Subject: I have found a CD that I think you would enjoy
|Siouxsie & Banshees|
Through the Looking Glass
Genres: Alternative Rock, Pop, Rock
Similarly Requested CDs
Names of original bands
Maureen Kelly | The Great State of Texas | 04/25/2002
(5 out of 5 stars)
"I did a little homework and found out who originally did what song on Through the Looking Glass (a truly astounding CD). Siouxsie didn't exactly choose from Top 40 selections, so a bit of sleuthing was in order.
3. Jungle Book soundtrack
4. The Band (the original is unbearable, in my opinion)
5. Billie Holiday
7. Iggy Pop
8. John Cale
9. Roxy Music (when Brian Eno was still with them)
Surely one of the all-time best cover albums!
Rich Latta | Albuquerque, NM - Land of Entitlement | 05/16/2005
(5 out of 5 stars)
"The song choices are really surprising for Siouxsie and the Banshees and they all turned out fantastic. What makes them so good, aside from the talented musicians involved, is the creative way these songs are reimagined. In my view, Siouxsie and the Banshees have never gotten the credit they deserved. Even though they were basically an alternative rock band, they made some of the best pop singles ever IMHO. Nearly every song on THROUGH THE LOOKING GLASS has been trimmed and polished into a perfect pop gem.
"This Town Ain't Big Enough For Both Of Us" (The Sparks) - a propulsive, runaway rollercoaster of a song augmented with fantastic orchestral accompaniment.
"Hall of Mirrors" (Kraftwerk) - bubbling, mechanical, yet infused with soul courtesy of Siouxsie. Great lyrics.
"Trust in Me" (Richard and Robert Sherman - from the JUNGLEBOOK movie) - one of the most sensuous, slow-burning recordings ever. Adorned with heavenly harps and a purring, sexy delivery from Siouxsie. Absolutely hypnotic.
"This Wheel's On Fire" (Bob Dylan) - shocking reinvention of the last track of Bob Dylan's BASEMENT TAPES album recorded with the Band. A much more upbeat version than the original featuring wild orchestral accompaniment. A complicated version, this must have been challenging to record, but it's positively dazzling.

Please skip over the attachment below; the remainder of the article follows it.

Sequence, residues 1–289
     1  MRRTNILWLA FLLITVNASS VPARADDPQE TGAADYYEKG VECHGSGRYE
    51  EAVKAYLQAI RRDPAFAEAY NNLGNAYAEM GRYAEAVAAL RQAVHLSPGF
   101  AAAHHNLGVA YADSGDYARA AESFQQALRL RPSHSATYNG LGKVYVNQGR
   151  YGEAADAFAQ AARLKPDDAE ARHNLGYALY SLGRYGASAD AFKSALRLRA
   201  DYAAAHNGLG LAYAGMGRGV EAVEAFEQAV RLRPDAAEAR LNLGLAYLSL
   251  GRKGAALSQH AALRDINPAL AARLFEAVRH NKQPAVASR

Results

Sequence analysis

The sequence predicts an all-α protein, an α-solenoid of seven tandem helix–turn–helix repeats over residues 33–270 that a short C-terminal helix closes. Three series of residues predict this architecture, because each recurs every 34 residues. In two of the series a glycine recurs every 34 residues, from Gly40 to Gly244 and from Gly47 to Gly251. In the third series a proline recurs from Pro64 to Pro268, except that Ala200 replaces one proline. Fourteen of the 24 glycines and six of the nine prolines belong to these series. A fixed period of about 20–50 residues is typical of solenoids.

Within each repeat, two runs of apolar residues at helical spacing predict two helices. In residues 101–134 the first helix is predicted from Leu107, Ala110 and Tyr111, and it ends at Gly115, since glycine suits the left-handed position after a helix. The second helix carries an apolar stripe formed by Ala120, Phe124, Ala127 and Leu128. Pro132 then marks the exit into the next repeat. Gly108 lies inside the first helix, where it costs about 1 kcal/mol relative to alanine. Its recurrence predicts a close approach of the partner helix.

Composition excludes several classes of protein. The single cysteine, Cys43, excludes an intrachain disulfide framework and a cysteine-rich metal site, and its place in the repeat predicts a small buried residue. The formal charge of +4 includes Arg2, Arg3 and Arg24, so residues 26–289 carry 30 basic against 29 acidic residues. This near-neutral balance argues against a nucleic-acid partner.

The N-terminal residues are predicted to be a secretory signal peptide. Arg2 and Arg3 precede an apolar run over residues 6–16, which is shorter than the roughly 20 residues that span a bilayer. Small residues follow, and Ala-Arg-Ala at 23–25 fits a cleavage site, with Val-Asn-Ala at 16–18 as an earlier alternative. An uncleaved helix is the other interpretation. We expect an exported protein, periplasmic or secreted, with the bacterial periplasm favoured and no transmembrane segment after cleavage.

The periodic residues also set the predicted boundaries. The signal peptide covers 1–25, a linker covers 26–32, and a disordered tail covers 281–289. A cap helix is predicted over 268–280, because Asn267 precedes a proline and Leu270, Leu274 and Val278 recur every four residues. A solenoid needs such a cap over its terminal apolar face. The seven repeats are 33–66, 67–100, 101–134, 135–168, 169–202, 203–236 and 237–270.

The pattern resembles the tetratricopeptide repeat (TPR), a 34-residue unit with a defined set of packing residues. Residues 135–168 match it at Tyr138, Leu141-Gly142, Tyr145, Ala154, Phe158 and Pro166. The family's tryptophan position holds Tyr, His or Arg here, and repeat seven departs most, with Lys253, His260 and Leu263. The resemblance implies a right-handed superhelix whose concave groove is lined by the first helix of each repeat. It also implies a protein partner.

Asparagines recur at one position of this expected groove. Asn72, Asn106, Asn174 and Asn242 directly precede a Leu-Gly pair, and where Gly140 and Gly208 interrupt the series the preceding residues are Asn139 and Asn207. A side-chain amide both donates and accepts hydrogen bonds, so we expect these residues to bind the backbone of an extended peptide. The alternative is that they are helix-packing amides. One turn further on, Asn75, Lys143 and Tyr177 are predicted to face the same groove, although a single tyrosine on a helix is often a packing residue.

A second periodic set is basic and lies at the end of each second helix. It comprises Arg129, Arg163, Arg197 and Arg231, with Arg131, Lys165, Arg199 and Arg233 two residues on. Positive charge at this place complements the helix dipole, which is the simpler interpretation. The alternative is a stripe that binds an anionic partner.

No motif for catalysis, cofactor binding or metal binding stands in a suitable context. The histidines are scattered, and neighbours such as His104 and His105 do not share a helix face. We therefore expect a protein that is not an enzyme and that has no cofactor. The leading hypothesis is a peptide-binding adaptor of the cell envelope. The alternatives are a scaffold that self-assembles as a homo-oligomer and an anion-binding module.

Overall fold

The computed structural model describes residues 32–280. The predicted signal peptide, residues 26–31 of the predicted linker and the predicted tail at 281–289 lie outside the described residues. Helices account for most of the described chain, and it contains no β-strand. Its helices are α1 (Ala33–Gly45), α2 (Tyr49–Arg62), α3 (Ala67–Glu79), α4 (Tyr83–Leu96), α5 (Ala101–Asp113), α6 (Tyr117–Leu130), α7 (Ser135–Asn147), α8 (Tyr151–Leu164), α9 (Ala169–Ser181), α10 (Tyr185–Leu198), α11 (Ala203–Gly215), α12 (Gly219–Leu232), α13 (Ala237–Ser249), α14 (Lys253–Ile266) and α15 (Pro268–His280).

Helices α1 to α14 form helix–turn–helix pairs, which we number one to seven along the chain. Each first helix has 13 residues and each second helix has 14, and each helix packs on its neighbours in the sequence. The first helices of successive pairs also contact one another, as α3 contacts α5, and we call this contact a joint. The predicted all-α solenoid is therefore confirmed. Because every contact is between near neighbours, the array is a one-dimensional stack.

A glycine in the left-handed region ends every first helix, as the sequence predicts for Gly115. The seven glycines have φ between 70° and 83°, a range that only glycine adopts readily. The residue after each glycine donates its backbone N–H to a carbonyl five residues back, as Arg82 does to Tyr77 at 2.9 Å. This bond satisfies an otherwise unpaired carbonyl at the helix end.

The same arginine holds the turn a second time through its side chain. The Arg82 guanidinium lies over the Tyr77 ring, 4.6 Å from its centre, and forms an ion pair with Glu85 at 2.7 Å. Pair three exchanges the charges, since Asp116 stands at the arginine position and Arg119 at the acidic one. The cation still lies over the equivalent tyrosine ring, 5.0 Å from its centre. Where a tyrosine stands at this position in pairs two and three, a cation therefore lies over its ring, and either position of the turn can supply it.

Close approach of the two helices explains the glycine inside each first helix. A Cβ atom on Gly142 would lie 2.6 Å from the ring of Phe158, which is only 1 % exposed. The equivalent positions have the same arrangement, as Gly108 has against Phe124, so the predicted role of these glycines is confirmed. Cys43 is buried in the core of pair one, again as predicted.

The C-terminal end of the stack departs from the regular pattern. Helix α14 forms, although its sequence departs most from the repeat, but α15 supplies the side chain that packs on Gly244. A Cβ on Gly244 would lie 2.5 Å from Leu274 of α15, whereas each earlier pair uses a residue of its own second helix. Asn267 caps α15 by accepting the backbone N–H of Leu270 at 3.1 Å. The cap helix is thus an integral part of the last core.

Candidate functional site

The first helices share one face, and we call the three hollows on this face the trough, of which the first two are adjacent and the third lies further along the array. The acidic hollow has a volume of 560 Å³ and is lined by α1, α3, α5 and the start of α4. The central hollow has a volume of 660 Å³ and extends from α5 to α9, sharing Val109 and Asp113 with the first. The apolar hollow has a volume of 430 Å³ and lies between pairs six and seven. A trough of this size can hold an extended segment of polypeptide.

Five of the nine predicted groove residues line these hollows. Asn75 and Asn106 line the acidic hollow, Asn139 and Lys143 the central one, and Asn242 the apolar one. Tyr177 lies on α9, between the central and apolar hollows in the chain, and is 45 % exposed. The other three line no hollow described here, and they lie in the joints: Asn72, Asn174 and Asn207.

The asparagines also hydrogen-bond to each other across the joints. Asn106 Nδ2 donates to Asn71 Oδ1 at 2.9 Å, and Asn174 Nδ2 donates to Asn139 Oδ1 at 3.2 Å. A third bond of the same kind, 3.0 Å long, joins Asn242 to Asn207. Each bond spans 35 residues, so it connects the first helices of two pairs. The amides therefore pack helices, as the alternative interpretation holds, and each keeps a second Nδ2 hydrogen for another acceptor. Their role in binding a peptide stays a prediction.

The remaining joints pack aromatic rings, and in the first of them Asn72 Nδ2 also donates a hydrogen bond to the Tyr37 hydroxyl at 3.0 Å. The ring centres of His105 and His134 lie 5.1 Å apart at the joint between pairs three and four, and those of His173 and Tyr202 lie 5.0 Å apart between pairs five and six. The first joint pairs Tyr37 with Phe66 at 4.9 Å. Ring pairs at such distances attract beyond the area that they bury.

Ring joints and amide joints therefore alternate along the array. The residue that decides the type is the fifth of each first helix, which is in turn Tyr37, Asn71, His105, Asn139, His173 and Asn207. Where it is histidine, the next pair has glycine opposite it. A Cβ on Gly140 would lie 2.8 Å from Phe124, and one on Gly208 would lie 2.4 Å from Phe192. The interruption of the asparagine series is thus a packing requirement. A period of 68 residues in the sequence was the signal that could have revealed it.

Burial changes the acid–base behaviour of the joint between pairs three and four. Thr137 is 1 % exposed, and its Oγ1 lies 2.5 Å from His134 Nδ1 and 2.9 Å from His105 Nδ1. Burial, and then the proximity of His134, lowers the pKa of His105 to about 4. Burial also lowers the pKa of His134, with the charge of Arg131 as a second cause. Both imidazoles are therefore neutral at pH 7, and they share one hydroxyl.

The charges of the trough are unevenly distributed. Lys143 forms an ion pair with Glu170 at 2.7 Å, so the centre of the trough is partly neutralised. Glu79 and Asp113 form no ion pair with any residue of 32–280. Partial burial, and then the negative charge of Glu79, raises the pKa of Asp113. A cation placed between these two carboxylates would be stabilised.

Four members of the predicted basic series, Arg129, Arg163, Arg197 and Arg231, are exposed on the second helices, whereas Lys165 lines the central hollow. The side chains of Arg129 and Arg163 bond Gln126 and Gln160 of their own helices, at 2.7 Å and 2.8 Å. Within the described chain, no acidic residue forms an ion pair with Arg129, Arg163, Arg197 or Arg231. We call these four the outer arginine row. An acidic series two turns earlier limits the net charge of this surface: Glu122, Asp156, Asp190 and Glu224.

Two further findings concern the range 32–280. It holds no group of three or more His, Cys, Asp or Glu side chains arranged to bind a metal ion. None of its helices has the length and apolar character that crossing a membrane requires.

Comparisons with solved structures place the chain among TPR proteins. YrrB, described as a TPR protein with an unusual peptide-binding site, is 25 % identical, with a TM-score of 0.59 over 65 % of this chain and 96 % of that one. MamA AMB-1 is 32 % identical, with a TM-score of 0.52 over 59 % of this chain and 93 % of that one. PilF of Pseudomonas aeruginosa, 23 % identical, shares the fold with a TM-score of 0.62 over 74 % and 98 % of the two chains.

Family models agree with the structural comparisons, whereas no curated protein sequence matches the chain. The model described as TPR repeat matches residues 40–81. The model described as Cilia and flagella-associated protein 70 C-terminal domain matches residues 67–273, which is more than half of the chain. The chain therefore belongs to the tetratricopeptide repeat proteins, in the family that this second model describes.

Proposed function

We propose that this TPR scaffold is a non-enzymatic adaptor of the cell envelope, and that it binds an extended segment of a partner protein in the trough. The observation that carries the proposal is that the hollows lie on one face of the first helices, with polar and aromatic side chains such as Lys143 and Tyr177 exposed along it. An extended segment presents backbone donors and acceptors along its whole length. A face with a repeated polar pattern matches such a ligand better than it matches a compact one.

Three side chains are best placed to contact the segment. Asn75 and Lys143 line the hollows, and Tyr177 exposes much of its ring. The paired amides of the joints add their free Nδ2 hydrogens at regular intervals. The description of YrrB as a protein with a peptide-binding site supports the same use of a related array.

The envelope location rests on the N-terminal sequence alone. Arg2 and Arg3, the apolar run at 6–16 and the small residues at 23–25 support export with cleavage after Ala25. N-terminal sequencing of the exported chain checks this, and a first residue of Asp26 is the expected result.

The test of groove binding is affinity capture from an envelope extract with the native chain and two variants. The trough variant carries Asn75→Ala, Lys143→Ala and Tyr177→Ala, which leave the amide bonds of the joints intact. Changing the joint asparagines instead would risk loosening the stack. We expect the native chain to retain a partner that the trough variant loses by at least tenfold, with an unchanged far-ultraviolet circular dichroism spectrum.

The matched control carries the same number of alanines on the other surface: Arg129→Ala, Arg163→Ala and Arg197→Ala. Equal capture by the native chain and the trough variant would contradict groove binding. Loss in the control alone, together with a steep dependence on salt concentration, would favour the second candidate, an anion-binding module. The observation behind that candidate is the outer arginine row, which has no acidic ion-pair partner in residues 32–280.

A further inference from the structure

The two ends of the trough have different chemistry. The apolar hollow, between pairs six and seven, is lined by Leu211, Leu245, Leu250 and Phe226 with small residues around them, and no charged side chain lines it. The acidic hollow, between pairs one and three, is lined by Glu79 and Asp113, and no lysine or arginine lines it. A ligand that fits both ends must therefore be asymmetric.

"Strange Fruit" (Lewis Allen - sung by Billie Holliday) - you gotta admit, it took guts for Siouxsie to cover a song sung by one of the most acclaimed vocalists of all time. This is a hauntingly disturbing protest song against the lynching of blacks in the old South. Predictably, Siouxsie's voice doesn't compare to the lush, creepy delivery found on Lady Day's version but she holds her own with a valiant effort. The song is fleshed out with windy atmospherics and a melancholy violin.
"You're Lost Little Girl" (The Doors) - becomes almost a celebratory march in the hands of S&B augmented by orchestra and chiming bells.
"The Passenger" (Iggy Pop) - great rhythm, great horn section, great attitude from Siouxsie. In some more just alternate reality, this song is a huge hit.
"Gun" (John Cale) - a really fun song, the original is long and meandering with winding guitar passages. S&B generally tighten it up adding life and color. I've seen Siouxsie cover this with John Cale when he toured with the Creatures (Siouxsie and Budgie with a touring band) and you can find them doing a great version on Youtube. The song is a blast!
"Sea Breezes" (Roxy Music) - one of my absolute favorites from Siouxsie and co. despite being a cover. The original version is strange and experimental. S&B turn it into a dreamy, mysterious wonderland with an intense climax courtesy of some powerful drum rolling from Budgie.
"Little Johnny Jewel" (Television) - another favorite. The original is quirky and loaded with prickly guitars. By comparison, S&B turn it into a killer pop song that is totally infectious. I never heard the original until the MARQUEE MOON re-release which featured bonus tracks including this single, Television's first ever release. "Little Johnny Jewel" was originally a strange affair, stretched out over two sides of a single, heard in its entirety on the expanded album. MARQUE MOON is a classic record, very highly recommended."
" Trust in me..."
ignorance is bliss | Tempe, AZ United States | 08/09/2002
(5 out of 5 stars)
"This is my favorite Banshees album by far, I flipped it over and over on the turntable ( yes, I had the vinyl version! ). Not only are the covers stylisticly different, the sources are just as diverse. As other reviewers have noted here, some of the original versions are less than well known. I had to see the Jungle Book again and read an article on Billie Holliday's "Strange Fruit" to familiarize myself. Iggy and Roxy Music were less surprising, as Siouxsie and Steve Severin were digging these people in the early seventies. It's upbeat, it's melancholy, it's pure Banshees. Probably the most accessible Banshees album after "Rapture"."